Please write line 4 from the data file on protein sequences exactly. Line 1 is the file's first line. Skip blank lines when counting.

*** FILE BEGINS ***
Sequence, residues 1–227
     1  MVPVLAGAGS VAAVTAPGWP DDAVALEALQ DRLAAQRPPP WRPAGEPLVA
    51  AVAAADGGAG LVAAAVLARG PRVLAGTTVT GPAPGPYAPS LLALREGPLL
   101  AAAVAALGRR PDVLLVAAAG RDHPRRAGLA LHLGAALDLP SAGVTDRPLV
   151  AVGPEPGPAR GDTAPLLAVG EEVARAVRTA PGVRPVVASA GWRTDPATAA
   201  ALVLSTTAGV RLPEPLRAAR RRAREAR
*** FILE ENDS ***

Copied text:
   101  AAAVAALGRR PDVLLVAAAG RDHPRRAGLA LHLGAALDLP SAGVTDRPLV